Christmas Day has long been when the NBA showcases its best matchups and marquee players, and this year is no different. The day’s slate features no shortage of rising stars, former MVPs and MVP candidates, and, or course, rivalries.
Philadelphia 76ers at New York Knicks, noon ET, ESPN
Washington Wizards at Boston Celtics, 5:30 p.m. ET, ABC
Houston Rockets at Oklahoma City Thunder, 8 p.m. ET, ABC
Minnesota Timberwolves at Los Angeles Lakers, 10:30 p.m. ET, TNT
With that all-day basketball party looming, here’s a look back at some of greatest Christmas Day moments since 2000.
Christmas Day 2000 saw a team that had suffered a brutal loss several months earlier serve up a helping of revenge against the opponent who broke its heart. This time, it was the Portland Trail Blazers — nearly seven months removed from their crushing seven-game Western Conference Finals loss to the Lakers — getting back on the good foot with a 109-104 win at Staples Center in which they came back from an early deficit thanks to the inside-out tandem of Rasheed Wallace (33 points, eight rebounds) and Damon Stoudamire (27 points, nine assists, nine rebounds) roasting the L.A. defense like chestnuts on an open fire.
“Forget June,” Stoudamire said after the game. “They won it and they’re the champions. That’s always going to be over our heads. We needed this win because we just needed this win.”
I hope the Blazers savored that flavor, because they would once again fail to get what they needed come springtime, falling to the eventual champion Lakers in a first-round sweep.
Of all the presents the NBA has given us over the years, peak Tracy McGrady was one of the dopest. T-Mac showed off the full repertoire on Christmas Day 2002, pouring in 46 points on 26 shots with six rebounds and three steals in 44 minutes to lead the Magic to a 104-99 win over the visiting Detroit Pistons.
Four and a half months later, McGrady and the Magic would suffer a dispiriting and humbling defeat at the hands of these same Pistons, who came back to knock off Orlando after trailing 3-1 in the opening round of the postseason, but dwelling on that doesn’t seem particularly appropriate in this time of celebration and goodwill toward man. Let’s instead focus on how monstrous T-Mac was when he was in working order and cooking.
We must have been very good boys and girls in 2003, because Santa saw fit to give us prime T-Mac vs. rookie LeBron James.
The young King had already started to find his NBA footing less than two months after his debut, averaging a tick under 20 points, six rebounds and six assists per game for Paul Silas’ Cleveland Cavaliers, with four 30-point games in his dozen outings entering Christmas. A matchup with the NBA’s reigning scoring champion, fresh off one of the greatest individual offensive seasons in NBA history, promised fireworks, and, man, did it deliver.
The neophyte popped for 34 points and six assists in 47 minutes, but he was bested by the vet, as T-Mac answered with 41 points on 15-of-29 shooting, a 5-of-9 mark from 3-point land, 11 assists, eight rebounds and three steals in a 113-100 Magic win. Despite coming up on the short end of the stick, LeBron more than held his own, showcasing the scintillating all-around talent that would come to define his game, and the league, in the years ahead.
The Mega-Powers Explode! Christmas Day 2004 gave us the first Kobe-Shaq showdown following the dissolution of their relationship with the Lakers and Shaq’s subsequent trade to the Miami Heat. This bit of NBA drama had everything:
• The sturm und drang over whether the two teammates-turned-rivals would interact before tipoff.
• Shaq blocking Kobe’s shot on the very first play of the game.
• Kobe coming right back for a fadeaway jumper in Shaq’s grill on the next trip.
• Shaq fouling out late in the fourth quarter by whacking Kobe on a play he’d later describe thusly: “No layups, no dunks […] especially for him.”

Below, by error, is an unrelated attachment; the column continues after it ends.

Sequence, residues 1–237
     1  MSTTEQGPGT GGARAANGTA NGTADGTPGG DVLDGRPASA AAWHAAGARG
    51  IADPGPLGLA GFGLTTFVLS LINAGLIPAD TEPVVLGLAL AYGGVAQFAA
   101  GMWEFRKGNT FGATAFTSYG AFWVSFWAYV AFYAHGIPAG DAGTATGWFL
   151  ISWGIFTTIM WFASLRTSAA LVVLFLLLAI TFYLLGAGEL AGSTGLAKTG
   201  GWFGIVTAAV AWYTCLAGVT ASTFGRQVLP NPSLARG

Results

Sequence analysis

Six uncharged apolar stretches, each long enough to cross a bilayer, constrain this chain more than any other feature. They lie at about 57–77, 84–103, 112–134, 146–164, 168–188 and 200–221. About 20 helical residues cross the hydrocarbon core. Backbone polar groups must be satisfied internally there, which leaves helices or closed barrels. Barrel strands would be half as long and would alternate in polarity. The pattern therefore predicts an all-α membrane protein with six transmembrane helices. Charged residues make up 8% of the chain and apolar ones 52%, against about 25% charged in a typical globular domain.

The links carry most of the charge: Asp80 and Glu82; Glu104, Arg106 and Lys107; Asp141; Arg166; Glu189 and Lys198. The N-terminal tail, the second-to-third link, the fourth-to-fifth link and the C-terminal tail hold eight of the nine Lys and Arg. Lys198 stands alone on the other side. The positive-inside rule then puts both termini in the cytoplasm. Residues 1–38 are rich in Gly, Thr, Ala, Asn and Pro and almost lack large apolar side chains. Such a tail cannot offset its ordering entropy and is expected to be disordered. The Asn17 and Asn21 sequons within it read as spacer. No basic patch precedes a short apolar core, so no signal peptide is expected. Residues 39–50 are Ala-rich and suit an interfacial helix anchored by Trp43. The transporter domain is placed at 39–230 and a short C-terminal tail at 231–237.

Kobe scoring 42 points in 50 minutes to prove he could carry the load without Shaq.
The Heat won by two in overtime after Kobe missed a potential game-winner at the buzzer over the outstretched arm of Shaq’s new running buddy, Dwyane Wade, which prompted Shaq to say: “I knew that it wasn’t going to go in.” Just perfect.
Two years later, the Heat and Lakers would tangle again on Christmas Day. This time, though, Shaq was on the shelf with an injury, making the day’s main attraction the matchup between Bryant, at this point starting to strain somewhat from the heavy lifting he had to do to carry the underwhelming roster left behind following the Shaq trade, and Wade, who had burst into full bloom as one of the NBA’s most electric offensive threats.
Wade won this particular duel handily, authoring a dominant performance — 40 points on 20 shots, 11 assists, four rebounds, four steals and four blocks in 41 minutes — to outdo Bryant (16 points on 4-for-17 shooting, four assists) as Miami cruised to a 101-85 win.
By Christmas of 2008, the Celtics had set the template for the next generation of NBA roster-building by compiling the Big Three of Paul Pierce, Kevin Garnett and Ray Allen, and the Lakers had reloaded with the addition of Pau Gasol to join Bryant, emerging young center Andrew Bynum and Swiss Army knife sixth man Lamar Odom. The Celtics had beaten L.A. in the 2008 Finals, and the two teams opened the 2008-09 season seemingly on a collision course for a rematch, with Boston opening up 27-2 and riding a 19-game winning streak into their Christmas Day showdown with their longtime rivals, who had also gotten off to a scorching start, entering Dec. 25 at 23-5.
The evenly matched titans battled back and forth throughout before L.A. pulled away down the stretch to score a 93-82 win — the 1,000th of head coach Phil Jackson’s illustrious career — to snap Boston’s streak and send the message that they, not the C’s, were the bully on the NBA block. The anticipated Finals rematch didn’t come to fruition that season, as Boston fell in the Eastern Conference semifinals to Dwight Howard’s Magic, who also knocked off the LeBron-led Cavs en route to their first Finals trip since the Shaq and Penny days … where they were promptly smoked by Kobe, Pau and the Lakers.
The NBA decided to reward the rising Oklahoma City Thunder, a team that had gone from talent-rich curiosity two seasons earlier to 50-win darlings in the 2009-10 campaign, with a Christmas Day showcase game in 2010, granting hoops-watching families the world over a nice, long look at Kevin Durant. The scoring marvel didn’t disappoint, unwrapping a monster 44 points on 14-for-20 shooting, seven rebounds, four assists, two steals and two blocks to lead OKC past the Denver Nuggets, 114-106. Then-teammates Westbrook and Harden also shined for Scott Brooks’ club, but that Christmas, KD was undoubtedly the star at the top of the tree.